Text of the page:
Integration of gold nanoparticles in PDMS microfluidics for lab-on-a-chip plasmonic biosensing of growth hormones

Gold nanoparticles were synthesized in a poly(dimethylsiloxane) (PDMS) microfluidic chip by using an in-situ method, on the basis of reductive properties of the cross-linking agent of PDMS. The proposed integrated device was further used as a sensitive and low-cost LSPR-based biosensor for the detection of polypeptides. Synthesis of nanoparticles in the microfluidic environment resulted in improvement of size distribution with only 8% variation, compared with the macro-environment that yields about 67% variation in size. The chemical kinetics of the in-situ reaction in the microfluidic environment was studied in detail and compared with the reaction carried out at the macro-scale. The effect of temperature and gold precursor concentration on the kinetics of the reaction was investigated and the apparent activation energy was estimated to be E*a = 30 kJ/mol. The sensitivity test revealed that the proposed sensor has a high sensitivity of 74 nm/RIU to the surrounding medium. The sensing of bovine growth hormone also known as bovine somatotropin (bST) shows that the proposed biosensor can reach a detection limit of as low as 3.7 ng/ml (185 pM). The results demonstrate the successful integration of microfluidics and nanoparticles which provides a potential alternative for protein detection in clinical diagnostics.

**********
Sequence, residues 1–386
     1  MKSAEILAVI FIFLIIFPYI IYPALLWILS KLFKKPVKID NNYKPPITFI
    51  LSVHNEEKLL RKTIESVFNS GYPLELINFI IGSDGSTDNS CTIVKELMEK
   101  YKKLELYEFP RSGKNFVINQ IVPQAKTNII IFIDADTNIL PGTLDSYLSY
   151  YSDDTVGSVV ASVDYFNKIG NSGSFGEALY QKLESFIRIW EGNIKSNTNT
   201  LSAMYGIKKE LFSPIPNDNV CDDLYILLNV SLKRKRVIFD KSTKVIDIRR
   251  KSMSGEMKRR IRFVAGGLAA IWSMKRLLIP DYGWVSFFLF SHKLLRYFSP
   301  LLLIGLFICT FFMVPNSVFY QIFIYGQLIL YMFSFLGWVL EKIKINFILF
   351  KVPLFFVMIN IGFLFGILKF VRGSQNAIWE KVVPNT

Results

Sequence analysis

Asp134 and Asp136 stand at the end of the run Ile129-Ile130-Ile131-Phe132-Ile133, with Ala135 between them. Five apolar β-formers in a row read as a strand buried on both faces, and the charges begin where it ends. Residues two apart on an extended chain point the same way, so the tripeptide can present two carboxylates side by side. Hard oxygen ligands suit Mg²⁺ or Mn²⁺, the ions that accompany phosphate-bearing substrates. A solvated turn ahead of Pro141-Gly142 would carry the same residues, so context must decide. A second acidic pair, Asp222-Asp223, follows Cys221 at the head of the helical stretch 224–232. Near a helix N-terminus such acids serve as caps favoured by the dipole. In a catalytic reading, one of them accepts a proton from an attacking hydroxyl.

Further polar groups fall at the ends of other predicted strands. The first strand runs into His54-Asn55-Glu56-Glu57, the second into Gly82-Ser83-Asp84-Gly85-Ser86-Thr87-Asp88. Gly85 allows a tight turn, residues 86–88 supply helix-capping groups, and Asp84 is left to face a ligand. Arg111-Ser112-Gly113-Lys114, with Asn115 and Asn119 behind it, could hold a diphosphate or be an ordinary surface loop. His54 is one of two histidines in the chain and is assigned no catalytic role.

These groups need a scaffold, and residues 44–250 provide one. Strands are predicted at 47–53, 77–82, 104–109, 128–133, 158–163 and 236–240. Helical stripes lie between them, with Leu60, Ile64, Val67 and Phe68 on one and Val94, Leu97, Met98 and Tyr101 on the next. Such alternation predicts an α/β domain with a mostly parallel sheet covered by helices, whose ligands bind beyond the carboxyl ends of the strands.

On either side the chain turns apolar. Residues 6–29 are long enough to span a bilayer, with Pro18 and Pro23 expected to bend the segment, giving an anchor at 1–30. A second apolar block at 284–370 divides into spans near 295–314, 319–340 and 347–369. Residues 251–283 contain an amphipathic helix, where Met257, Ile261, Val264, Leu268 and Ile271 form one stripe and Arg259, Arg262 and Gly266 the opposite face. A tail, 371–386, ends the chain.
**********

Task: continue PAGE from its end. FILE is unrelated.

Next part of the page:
SadAbadi, Hamid, Simona Badilescu, Muthukumaran Packirisamy, Rolf Wthrich

Biosensors and Bioelectronics





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